Kalin and Myles, Kid Ink talk motivating, embarrassing and honest social media engagements

Published by adviser, Author: Kelsey Phillips - Rocket Contributor, Date: December 3, 2014
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With temperatures below freezing, fans lined up along the outside of the Aebersold Recreation Center awaiting a delayed entrance time for the Kid Ink fall concert sponsored by UPB Monday night.

How did students find out about the delayed time?

The combined tweets totaled over 185 retweets and 583 favorites.

No longer do artists need record labels and multi-person crews to be broadcast to the world to grow their fan-bases. Thanks to Twitter, YouTube, Vine and various other social media platforms, artists can create a personal relationship and connect with fans by inviting them into parts of their daily lives.

But social media is not limited to musicians. It can give all people a voice and is something that can be left behind, comparable to music. Kalin and Myles, upcoming Bay Area rappers and the opening act for Monday’s concert, were discovered online after uploading their song “More Than Friends” and shared their reactions to the first time they saw themselves on the internet.

“Having people I didn’t really know on Facebook being like ‘I heard your song – it was really cool. Keep it up.’ ‒ [My response] was like wow, you don’t even know me but you’re giving me this compliment,” Kalin said.

The duo agreed it’s a great motivator.

After receiving an enthusiastic response from “More Than Friends,” Kalin and Myles began posting more songs and performing onstage.

“July 2011 we performed at the Alameda State Fair,” Myles said. “We only had two or three songs at the time but they gave us a 30-minute set. To fill up the extra time, we really tried to be out of the box and interactive, passing out wristbands, doing some body rolls and Katy Perry,” they said.

Kalin acknowledged that he was wearing the same shoes, a pair of black and red Nikes from the first time he performed onstage, to the SRU show.

Now on tour, Kalin and Myles get increasingly excited and anxious to share their experiences with their fans, they said.

“I think for 18 and up events, like tonight, we’re not really used to that,” Myles said. “We kind of have a younger audience like 13ish to 18.”

“I’m gonna be a little nervous for tonight because older people can be a lot more opinionated,” Myles said.

“I might cry but it’s cool,” Kalin said.

Throughout the show, Kalin and Myles went into the crowd to take selfies on fans’ cell phones and live tweeted their arrival and post-performance.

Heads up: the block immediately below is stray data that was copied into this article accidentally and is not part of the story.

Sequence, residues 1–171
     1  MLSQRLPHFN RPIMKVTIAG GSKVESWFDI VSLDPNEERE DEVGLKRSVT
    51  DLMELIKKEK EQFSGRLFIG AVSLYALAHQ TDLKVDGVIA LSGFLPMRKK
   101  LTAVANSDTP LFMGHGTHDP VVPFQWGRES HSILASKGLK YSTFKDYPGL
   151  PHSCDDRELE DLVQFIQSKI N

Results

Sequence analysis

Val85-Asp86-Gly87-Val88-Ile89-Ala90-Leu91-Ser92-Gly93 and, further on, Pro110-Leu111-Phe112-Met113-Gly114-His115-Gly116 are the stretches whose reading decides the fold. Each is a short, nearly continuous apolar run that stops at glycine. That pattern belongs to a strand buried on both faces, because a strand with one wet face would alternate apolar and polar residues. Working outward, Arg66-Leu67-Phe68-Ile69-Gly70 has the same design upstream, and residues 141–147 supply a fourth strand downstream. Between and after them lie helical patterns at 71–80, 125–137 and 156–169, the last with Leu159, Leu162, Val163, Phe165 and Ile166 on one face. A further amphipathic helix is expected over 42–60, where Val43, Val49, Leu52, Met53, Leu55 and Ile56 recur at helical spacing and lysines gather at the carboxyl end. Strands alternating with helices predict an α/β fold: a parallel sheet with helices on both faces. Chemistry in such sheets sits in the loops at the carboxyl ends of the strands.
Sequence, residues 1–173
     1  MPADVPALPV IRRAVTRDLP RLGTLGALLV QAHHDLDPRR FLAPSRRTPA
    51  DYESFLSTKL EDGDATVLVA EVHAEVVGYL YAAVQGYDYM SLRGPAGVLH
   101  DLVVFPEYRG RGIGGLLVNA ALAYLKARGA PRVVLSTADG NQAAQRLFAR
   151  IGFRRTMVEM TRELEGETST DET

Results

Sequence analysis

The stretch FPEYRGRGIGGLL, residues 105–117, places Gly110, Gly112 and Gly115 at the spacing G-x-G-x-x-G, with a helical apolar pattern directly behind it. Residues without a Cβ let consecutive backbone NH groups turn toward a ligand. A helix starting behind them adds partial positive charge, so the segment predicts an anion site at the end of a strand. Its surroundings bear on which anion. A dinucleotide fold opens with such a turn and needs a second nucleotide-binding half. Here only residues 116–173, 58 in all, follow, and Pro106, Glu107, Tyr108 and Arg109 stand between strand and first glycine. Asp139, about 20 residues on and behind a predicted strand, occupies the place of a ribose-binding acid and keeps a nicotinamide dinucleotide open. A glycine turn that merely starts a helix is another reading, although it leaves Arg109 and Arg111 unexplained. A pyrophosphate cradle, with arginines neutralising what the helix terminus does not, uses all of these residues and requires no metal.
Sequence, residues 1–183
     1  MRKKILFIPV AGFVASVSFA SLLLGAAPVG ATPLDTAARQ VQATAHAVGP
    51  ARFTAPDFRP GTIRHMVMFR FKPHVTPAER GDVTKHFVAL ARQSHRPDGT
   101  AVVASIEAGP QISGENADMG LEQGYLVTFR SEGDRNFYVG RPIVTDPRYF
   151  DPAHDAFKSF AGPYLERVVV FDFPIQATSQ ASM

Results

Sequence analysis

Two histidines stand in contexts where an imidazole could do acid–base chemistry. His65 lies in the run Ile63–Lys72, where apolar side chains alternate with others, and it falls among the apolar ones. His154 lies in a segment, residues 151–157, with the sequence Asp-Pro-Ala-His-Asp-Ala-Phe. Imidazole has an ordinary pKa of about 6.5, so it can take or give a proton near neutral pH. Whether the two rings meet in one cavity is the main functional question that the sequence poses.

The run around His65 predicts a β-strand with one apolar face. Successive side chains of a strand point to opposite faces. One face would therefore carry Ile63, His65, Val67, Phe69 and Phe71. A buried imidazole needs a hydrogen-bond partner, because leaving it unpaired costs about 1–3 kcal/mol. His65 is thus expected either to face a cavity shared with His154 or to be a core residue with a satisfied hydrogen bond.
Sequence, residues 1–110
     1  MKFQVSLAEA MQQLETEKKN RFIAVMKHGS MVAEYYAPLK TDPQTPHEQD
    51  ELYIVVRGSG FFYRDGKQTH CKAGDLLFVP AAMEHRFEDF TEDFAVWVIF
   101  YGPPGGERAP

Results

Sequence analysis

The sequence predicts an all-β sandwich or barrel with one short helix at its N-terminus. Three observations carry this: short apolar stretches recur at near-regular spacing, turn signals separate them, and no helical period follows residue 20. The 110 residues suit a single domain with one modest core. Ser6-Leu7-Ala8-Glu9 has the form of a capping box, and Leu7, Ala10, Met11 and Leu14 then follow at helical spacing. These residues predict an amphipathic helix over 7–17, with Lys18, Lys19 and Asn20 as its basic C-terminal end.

As for handling mistakes on stage, “I acknowledge it right away,” Kalin said. “I’m a funny, clumsy, rubber-band-looking-when-I-dance kind of guy so I try to make it funny.”

“There was a show that my pants got pulled down and I was afraid there was gonna be some pictures or videos of that,” Myles said. “But it didn’t.”

Before every show Kalin and Myles say a prayer to “make sure everyone is safe and that everybody’s trying to turn up,” they said.

VIP fans, some of whom won their tickets by participating in UPB’s Twitter trivia contests, were able to meet Kalin and Myles backstage prior to the show.

When faced with negative comments on their Twitter account, Kalin and Myles prefer not to respond.

“I think a lot of what they say comes from a deeper place, not  just us and whatever they are trying to get at,” Myles said. “You kind of don’t know what’s going on in their life so we try to respect that. We just keep responding to the people who are here to rock,” he said.

Following Kalin and Myles was Kid Ink, a Los Angeles-based rapper known for his unique sound, many tattoos and latest release, “Body Language,” with Usher.

Kid Ink tries to speak to all kinds of people, going through all types of situations, through his music and social media.

“I try to not keep it over-personal but just relatable to different situations people go through day to day, whether it’s stuff I go through or stuff my friends go through,” Ink said. “My purpose is to kind of expose that even in the positions I’m in that everything is regular and people go through the same stuff no matter what type of money you make or who the celebrity is.”

Kid Ink’s ultimate goal is to show people that you can come from being a regular person, follow your dreams and still be the same person that goes through the same things, deals with the same people and has the same mentality, he said.

“It’s a big thing where people expect the switch-ups after becoming famous,” Kid Ink said. “With that is the fight to not change. But I think you still need to be in a position where you can outshine your peers and get that attention but at the same time you still want people to know it’s all good.”

Following the style of a Vine video, in seven seconds Kid Ink gave his reaction to the crowd at Slippery Rock.

“The crowd here at Slippery Rock was amazing, turnt up, wild, insane, fun crowd. I’m glad they waited for me to get here,” he said.

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